No content (including ratings, credit-related analyses and data, model, software or other application or output therefrom) or any part thereof (Content) may be modified, reverse engineered, reproduced or distributed in any form by any means, or stored in a database or retrieval system, without the prior written permission of S&P. The Content shall not be used for any unlawful or unauthorized purposes. S&P, its affiliates, and any third-party providers, as well as their directors, officers, shareholders, employees or agents (collectively S&P Parties) do not guarantee the accuracy, completeness, timeliness or availability of the Content. S&P Parties are not responsible for any errors or omissions, regardless of the cause, for the results obtained from the use of the Content, or for the security or maintenance of any data input by the user. The Content is provided on an “as is” basis. S&P PARTIES DISCLAIM ANY AND ALL EXPRESS OR IMPLIED WARRANTIES, INCLUDING, BUT NOT LIMITED TO, ANY WARRANTIES OF MERCHANTABILITY OR FITNESS FOR A PARTICULAR PURPOSE OR USE, FREEDOM FROM BUGS, SOFTWARE ERRORS OR DEFECTS, THAT THE CONTENT’S FUNCTIONING WILL BE UNINTERRUPTED OR THAT THE CONTENT WILL OPERATE WITH ANY SOFTWARE OR HARDWARE CONFIGURATION. In no event shall S&P Parties be liable to any party for any direct, indirect, incidental, exemplary, compensatory, punitive, special or consequential damages, costs, expenses, legal fees, or losses (including, without limitation, lost income or lost profits and opportunity costs) in connection with any use of the Content even if advised of the possibility of such damages.
Credit-related analyses, including ratings, and statements in the Content are statements of opinion as of the date they are expressed and not statements of fact or recommendations to purchase, hold, or sell any securities or to make any investment decisions. S&P assumes no obligation to update the Content following publication in any form or format. The Content should not be relied on and is not a substitute for the skill, judgment and experience of the user, its management, employees, advisors and/or clients when making investment and other business decisions. S&P’s opinions and analyses do not address the suitability of any security. S&P does not act as a fiduciary or an investment advisor. While S&P has obtained information from sources it believes to be reliable, S&P does not perform an audit and undertakes no duty of due diligence or independent verification of any information it receives.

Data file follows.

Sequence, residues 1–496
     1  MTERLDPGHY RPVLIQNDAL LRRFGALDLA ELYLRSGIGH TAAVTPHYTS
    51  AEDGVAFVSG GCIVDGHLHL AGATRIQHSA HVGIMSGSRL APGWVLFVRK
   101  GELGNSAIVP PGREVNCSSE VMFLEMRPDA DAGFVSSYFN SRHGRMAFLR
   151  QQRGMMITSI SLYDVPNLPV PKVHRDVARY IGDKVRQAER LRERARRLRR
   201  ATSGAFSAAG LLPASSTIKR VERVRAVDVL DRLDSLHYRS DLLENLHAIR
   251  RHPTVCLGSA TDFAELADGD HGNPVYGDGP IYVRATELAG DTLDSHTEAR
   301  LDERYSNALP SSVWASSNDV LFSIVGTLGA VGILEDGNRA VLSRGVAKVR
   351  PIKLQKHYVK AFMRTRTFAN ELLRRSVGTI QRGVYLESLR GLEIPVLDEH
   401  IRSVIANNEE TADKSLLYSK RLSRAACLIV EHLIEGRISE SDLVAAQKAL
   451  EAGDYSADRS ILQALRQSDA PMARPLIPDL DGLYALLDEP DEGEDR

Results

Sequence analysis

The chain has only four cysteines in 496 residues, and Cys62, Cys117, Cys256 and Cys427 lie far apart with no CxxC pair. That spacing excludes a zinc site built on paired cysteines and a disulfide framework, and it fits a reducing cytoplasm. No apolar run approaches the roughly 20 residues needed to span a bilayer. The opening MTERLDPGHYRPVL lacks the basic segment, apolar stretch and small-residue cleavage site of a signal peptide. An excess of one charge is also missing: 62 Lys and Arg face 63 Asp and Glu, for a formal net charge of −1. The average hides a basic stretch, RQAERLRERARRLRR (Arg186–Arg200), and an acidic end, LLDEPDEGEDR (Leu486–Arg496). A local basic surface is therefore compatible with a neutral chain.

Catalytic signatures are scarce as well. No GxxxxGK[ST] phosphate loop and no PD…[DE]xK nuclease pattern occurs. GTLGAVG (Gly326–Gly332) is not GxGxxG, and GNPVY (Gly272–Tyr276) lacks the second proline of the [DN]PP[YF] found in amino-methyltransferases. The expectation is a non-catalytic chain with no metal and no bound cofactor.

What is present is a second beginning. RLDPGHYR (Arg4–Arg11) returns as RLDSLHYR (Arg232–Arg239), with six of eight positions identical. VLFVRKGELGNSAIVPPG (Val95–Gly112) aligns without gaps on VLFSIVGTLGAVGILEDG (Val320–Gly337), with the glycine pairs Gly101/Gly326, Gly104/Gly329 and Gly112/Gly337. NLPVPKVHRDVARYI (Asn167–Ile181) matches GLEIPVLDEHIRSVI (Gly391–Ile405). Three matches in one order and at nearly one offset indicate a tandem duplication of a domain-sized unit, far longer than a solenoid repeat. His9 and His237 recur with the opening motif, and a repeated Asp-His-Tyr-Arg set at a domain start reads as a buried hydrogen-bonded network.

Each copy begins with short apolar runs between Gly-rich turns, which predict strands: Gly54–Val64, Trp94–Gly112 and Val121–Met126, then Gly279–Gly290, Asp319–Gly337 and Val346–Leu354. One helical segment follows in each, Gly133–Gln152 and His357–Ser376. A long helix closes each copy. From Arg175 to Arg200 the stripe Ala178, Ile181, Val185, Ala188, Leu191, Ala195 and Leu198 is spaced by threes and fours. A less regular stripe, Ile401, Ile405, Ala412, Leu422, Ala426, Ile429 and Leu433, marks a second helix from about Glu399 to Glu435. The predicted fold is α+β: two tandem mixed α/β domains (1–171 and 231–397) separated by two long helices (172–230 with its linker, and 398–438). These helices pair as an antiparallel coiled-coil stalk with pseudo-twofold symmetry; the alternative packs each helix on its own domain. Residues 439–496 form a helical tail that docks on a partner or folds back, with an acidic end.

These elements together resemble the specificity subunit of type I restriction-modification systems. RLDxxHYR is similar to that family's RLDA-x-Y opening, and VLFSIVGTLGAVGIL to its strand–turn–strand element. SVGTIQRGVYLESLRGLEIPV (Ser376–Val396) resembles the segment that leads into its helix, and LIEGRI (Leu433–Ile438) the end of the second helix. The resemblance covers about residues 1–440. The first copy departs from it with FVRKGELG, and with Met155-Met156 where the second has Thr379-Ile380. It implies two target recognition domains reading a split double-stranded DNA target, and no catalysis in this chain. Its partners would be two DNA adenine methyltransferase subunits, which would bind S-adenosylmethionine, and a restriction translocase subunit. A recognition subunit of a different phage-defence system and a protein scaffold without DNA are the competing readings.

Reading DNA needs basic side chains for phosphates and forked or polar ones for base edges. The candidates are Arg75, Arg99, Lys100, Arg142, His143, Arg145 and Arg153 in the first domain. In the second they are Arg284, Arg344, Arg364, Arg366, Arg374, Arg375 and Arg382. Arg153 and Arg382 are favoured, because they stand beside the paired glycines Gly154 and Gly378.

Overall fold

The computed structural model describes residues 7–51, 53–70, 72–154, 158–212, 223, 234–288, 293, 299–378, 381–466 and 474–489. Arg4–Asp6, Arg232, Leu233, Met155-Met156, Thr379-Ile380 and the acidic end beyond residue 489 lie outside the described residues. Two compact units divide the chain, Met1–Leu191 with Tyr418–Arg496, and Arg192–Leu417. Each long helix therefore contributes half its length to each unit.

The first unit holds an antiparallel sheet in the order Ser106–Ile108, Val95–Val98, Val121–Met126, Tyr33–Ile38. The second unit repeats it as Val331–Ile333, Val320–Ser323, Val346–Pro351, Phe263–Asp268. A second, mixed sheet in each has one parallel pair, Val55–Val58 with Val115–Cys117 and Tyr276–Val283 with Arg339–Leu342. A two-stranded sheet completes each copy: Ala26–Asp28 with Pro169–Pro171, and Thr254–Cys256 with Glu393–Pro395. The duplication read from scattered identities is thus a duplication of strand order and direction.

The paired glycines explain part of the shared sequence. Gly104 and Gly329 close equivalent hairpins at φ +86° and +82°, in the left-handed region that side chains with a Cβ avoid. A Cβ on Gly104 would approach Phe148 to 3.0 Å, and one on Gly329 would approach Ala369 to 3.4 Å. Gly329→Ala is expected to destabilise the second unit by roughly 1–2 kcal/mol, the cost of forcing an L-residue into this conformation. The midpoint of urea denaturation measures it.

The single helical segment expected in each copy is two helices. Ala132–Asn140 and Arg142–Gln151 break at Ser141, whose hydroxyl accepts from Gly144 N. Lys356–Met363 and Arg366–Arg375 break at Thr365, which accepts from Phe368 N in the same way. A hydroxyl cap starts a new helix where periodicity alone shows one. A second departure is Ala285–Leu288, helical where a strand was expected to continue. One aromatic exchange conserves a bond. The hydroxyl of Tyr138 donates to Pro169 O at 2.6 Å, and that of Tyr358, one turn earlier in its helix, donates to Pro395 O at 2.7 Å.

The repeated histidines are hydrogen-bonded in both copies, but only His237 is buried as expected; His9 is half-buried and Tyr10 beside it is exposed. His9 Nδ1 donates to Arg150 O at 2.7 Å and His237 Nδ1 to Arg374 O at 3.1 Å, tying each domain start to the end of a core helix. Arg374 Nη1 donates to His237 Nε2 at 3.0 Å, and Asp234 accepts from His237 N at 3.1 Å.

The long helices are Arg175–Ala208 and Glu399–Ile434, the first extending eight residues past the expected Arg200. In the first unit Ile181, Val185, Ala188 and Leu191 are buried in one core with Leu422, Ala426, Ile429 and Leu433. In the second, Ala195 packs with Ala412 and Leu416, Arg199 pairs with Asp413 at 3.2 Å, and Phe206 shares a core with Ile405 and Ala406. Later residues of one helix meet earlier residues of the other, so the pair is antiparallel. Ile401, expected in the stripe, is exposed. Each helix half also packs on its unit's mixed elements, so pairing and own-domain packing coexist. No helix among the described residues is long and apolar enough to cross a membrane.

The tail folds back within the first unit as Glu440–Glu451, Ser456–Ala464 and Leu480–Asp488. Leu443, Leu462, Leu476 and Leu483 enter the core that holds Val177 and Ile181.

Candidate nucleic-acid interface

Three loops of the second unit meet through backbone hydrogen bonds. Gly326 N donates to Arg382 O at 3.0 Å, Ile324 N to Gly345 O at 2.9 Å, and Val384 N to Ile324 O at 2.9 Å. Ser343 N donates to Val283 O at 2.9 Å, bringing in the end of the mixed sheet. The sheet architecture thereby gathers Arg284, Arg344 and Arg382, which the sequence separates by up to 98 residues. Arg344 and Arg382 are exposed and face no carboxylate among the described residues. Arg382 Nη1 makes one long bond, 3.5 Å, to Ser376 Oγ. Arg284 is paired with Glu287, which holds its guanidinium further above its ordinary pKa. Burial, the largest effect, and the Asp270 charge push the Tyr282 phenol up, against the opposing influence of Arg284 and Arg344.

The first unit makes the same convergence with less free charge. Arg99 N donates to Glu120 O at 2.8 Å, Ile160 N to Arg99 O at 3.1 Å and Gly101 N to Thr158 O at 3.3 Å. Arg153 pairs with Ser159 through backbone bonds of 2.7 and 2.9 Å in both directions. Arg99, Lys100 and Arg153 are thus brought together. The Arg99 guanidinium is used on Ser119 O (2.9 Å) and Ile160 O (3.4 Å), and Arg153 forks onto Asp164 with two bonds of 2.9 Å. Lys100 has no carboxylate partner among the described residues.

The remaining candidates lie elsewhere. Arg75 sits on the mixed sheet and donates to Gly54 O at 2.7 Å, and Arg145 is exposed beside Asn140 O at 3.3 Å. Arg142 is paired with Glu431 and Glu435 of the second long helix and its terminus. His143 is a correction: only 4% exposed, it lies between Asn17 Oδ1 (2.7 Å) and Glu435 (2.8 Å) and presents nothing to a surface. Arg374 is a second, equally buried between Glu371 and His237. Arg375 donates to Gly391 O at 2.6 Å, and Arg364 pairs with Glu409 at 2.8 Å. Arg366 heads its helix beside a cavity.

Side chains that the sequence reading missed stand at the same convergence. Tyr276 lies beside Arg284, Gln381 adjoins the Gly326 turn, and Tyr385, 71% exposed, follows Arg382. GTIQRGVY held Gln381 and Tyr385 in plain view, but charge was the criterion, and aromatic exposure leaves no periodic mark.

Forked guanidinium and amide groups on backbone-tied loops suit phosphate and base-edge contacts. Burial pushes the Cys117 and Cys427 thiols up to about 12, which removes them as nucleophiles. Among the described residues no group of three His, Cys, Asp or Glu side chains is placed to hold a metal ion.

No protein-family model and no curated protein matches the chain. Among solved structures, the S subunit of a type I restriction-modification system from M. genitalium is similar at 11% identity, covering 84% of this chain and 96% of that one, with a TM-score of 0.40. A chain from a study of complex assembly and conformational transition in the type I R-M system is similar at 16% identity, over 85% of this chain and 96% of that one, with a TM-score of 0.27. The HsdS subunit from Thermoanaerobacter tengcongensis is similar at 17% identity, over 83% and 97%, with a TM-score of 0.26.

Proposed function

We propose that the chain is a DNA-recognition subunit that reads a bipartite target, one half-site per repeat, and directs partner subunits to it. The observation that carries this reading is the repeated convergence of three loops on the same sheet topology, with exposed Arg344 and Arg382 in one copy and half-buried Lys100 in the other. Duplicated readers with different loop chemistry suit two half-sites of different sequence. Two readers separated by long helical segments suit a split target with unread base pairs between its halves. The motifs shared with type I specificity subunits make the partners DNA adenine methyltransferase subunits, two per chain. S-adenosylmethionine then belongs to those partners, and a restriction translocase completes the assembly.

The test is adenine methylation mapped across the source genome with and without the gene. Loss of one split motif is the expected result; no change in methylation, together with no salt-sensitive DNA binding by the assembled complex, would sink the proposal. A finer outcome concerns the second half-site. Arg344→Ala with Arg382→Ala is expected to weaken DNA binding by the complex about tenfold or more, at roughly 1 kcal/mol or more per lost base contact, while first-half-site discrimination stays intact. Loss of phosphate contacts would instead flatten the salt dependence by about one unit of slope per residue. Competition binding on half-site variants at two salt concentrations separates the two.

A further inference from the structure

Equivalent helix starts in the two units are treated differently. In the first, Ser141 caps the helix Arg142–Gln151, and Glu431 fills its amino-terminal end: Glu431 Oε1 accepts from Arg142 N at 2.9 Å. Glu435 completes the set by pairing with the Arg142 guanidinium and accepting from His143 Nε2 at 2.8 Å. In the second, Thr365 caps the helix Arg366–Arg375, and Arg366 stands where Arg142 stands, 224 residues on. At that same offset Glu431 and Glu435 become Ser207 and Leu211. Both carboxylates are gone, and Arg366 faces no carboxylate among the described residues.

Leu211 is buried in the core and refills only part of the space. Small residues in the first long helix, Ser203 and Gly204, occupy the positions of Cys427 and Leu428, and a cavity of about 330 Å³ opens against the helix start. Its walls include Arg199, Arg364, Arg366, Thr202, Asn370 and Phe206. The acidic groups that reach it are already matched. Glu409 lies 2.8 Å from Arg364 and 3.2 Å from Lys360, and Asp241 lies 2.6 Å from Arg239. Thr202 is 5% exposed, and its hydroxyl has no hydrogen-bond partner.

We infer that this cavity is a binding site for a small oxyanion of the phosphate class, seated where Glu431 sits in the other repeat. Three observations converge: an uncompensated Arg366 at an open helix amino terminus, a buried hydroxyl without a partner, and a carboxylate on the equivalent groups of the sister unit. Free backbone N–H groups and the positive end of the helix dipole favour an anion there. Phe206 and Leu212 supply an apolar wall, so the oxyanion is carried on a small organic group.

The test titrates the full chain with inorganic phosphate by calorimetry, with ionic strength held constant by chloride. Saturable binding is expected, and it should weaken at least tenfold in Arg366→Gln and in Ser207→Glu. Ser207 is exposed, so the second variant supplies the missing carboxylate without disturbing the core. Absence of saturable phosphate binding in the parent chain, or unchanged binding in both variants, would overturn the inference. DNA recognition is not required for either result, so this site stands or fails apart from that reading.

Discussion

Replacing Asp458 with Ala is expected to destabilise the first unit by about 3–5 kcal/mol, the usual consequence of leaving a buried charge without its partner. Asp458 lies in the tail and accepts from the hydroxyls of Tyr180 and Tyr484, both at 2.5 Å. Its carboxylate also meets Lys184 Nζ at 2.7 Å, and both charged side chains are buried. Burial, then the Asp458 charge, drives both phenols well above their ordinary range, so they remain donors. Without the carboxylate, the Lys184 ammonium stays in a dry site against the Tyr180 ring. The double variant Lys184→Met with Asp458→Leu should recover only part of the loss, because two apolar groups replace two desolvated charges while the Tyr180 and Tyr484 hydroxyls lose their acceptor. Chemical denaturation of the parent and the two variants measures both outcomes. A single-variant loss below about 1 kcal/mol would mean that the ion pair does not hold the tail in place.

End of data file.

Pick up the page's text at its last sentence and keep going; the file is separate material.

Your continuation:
S&P keeps certain activities of its business units separate from each other in order to preserve the independence and objectivity of their respective activities. As a result, certain business units of S&P may have information that is not available to other S&P business units. S&P has established policies and procedures to maintain the confidentiality of certain non-public information received in connection with each analytical process.
S&P may receive compensation for its ratings and certain credit-related analyses, normally from issuers or underwriters of securities or from obligors. S&P reserves the right to disseminate its opinions and analyses. S&P's public ratings and analyses are made available on its Web sites, www.standardandpoors.com (free of charge), and www.ratingsdirect.com and www.globalcreditportal.com (subscription), and may be distributed through other means, including via S&P publications and third-party redistributors. Additional information about our ratings fees is available at www.standardandpoors.com/usratingsfees.
Any Passwords/user IDs issued by S&P to users are single user-dedicated and may ONLY be used by the individual to whom they have been assigned. No sharing of passwords/user IDs and no simultaneous access via the same password/user ID is permitted. To reprint, translate, or use the data or information other than as provided herein, contact Client Services, 55 Water Street, New York, NY 10041; (1) 212-438-7280 or by e-mail to: firstname.lastname@example.org.